week month is over, and at least one holiday has come & gone, which means I’ve gotten a chance to finish up the projects pages and a few other things on my to-do list. That being said, I think it’s about time I start actually posting here.
Today’s topic is on compiling designs in Quartus II (12.1), or rather, reducing the compilation time. Since I’ve started working with FPGAs & Quartus three years ago, there’s one thing that always bugged me. Coming from a programming background, where even a few thousand lines of code, some moderately sized libraries, etc. may take only a few seconds to compile, I was constantly frustrated by the apparent lack of debugging tools in hardware, and stemming from that, the time it took to recompile the design after even a small change.
I’ve learned a lot since then about the simulation & debugging tools, so it’s not a huge deal anymore. However, the compilation time is still somewhat frustrating, especially when I’m working with interfacing some other devices on the FPGA board and it’s easier to just test.
I know the compiler has a lot of work to do, even compared with say, GCC. Analysis may be relatively fast, but synthesis? Partition merge? Generating a netlist? Place & Route? There’s a lot of programmable interconnects available, and the problem is NP-complete.
Still, there are a few things you can do to save time, especially if you’re willing to make the sacrifices on (area/delay) optimization early on. All of these hints and more can be found in the Advisors menu (Tools > Advisors), but I’m going to highlight two important ones:
Design Partitioning & Incremental Compilation
Partitioning your design is in general a good practice, especially if you’re working on a team. Incremental compilation can make use of this by preserving post-synthesis or post-fit netlists if the internal logic has not changed. In other words, if the source file hasn’t changed, there’s no need to re-synthesize or re-map that module. Of course, you run the risk of having less-than-optimal timing characteristics since you can’t optimize the “flat” design. However this can be a small price to pay if you’re only changing the logic in one module, and twenty other modules are unchanged. Goes back to that design mantra – first make it work, then make it work faster/better. Feel free to turn on physical synthesis & optimization for fmax or resource utilization later; but for now, we’re prototyping!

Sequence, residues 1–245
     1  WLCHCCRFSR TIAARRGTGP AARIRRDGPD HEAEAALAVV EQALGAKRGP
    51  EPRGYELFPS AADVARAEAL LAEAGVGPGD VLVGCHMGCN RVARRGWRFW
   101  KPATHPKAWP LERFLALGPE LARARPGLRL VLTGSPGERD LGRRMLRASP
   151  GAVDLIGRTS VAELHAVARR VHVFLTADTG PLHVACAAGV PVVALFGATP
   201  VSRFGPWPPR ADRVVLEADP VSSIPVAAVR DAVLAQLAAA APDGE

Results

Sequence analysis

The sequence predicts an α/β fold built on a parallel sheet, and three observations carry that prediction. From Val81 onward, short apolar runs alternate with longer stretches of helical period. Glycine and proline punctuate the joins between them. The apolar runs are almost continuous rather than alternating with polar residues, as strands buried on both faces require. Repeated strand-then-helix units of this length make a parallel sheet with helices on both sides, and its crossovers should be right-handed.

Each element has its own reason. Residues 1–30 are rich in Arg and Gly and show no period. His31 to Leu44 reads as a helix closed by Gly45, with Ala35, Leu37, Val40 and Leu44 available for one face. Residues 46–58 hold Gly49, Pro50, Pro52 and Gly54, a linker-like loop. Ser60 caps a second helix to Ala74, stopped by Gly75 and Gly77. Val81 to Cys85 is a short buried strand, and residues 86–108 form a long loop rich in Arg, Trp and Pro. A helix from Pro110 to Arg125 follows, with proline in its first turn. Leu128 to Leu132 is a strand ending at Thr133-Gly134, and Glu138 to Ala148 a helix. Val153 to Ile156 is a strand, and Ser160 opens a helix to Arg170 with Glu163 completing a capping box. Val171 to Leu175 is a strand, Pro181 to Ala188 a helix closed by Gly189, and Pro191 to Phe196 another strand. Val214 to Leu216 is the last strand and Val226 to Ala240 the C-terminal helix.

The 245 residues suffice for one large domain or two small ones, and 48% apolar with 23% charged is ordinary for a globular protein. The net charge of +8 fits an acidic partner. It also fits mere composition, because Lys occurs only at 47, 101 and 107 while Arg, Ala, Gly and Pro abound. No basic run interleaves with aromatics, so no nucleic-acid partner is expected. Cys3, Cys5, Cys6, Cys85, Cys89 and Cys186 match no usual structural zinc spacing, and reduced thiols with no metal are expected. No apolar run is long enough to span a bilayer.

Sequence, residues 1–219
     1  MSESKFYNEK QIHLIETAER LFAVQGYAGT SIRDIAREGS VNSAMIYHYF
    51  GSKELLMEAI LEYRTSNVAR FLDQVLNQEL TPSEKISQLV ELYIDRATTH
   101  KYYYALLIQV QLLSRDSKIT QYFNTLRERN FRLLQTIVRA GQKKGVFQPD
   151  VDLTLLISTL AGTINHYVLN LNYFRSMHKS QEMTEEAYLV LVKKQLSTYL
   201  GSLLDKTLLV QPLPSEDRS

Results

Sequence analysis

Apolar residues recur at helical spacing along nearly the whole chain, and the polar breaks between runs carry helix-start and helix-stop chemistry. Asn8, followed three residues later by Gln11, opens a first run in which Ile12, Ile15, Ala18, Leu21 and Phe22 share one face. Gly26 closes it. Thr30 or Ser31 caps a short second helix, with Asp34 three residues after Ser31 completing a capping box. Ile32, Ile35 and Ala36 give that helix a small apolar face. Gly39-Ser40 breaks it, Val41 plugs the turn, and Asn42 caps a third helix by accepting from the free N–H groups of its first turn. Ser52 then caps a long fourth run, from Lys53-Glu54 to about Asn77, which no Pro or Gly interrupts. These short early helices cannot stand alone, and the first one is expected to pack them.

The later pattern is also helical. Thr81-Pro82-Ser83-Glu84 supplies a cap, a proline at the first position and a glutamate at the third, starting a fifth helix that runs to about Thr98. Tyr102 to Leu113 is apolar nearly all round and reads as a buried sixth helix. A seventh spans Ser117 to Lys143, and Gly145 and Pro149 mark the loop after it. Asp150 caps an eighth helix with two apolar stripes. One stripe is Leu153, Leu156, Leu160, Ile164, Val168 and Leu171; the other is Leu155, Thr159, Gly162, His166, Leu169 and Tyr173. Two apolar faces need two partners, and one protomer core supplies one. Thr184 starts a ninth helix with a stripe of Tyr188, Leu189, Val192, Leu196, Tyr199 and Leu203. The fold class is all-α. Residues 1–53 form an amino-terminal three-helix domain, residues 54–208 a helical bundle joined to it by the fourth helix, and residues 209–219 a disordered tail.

You can select individual modules for different netlist types from the Design Partition menu (right click an entity in the Hierarchy tab of the Project Navigator window, Design Partitions). As an example, even a small VGA controller on my machine took 42 seconds for a fresh compile; without design partitioning changing one parameter took nearly as long, but after partitioning, changing that parameter dropped the compilation time to 24 seconds.
Alternatively, if you don’t want to mess with designating design partitions and post-synthesis/post-fit, etc., you can simply enable “Smart Compilation” from the Assignments > Settings > Compilation Process Settings. It will do something very similar, but automatically. The same settings (besides manually designating design partitions) and the same changes only took “Smart Compilation” an extra second, which for all intensive purposes is the same time.
As mentioned above, the place & route (done by the Quartus II (PowerFit) Fitter) gives some non-optimal (but close?) solution to the NP-complete problem of place & route. To help move things along at the early stages of development, you can adjust the “fitter effort” to reduce compilation time.
The options here are Auto Fit, Standard Fit, and Fast Fit. Auto Fit is the default – it will work hard to meet timing requirements, then breeze through the rest of the operations (sounds like a case of senioritis to me…). Alternatively, you can go with Fast Fit, which will (as the name implies) quickly pass the place & route stage, but not necessarily meet timing requirements at n MHz – you may have to reduce fMax for the design to work. Finally the Standard Fit option meets timing and does not give up, and as a result you may face unnecessary delays in the early prototyping stage.
One thing I cannot stress enough is know what a setting does before trying it. Setting to Fast Fit on a whim and later wondering why the design doesn’t run at 50MHz is a big waste of time. Read the literature – the Quartus II knowledge base has a wealth of information on every setting to help make a hardware engineer’s life a little bit easier.